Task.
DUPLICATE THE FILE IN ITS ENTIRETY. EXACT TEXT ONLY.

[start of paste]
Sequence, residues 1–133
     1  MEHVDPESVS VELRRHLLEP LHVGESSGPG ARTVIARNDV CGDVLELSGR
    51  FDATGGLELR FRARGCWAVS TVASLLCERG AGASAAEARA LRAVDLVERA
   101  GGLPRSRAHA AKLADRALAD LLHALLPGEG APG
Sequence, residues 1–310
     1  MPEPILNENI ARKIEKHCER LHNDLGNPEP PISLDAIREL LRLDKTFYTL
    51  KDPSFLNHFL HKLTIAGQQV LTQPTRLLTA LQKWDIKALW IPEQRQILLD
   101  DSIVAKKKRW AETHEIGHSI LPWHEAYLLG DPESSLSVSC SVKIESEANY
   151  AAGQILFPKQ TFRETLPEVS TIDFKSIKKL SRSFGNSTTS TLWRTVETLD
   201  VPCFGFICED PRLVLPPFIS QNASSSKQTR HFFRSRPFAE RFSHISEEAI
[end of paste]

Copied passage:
Sequence, residues 1–133
     1  MEHVDPESVS VELRRHLLEP LHVGESSGPG ARTVIARNDV CGDVLELSGR
    51  FDATGGLELR FRARGCWAVS TVASLLCERG AGASAAEARA LRAVDLVERA
   101  GGLPRSRAHA AKLADRALAD LLHALLPGEG APG
Sequence, residues 1–310
     1  MPEPILNENI ARKIEKHCER LHNDLGNPEP PISLDAIREL LRLDKTFYTL
    51  KDPSFLNHFL HKLTIAGQQV LTQPTRLLTA LQKWDIKALW IPEQRQILLD
   101  DSIVAKKKRW AETHEIGHSI LPWHEAYLLG DPESSLSVSC SVKIESEANY
   151  AAGQILFPKQ TFRETLPEVS TIDFKSIKKL SRSFGNSTTS TLWRTVETLD
   201  VPCFGFICED PRLVLPPFIS QNASSSKQTR HFFRSRPFAE RFSHISEEAI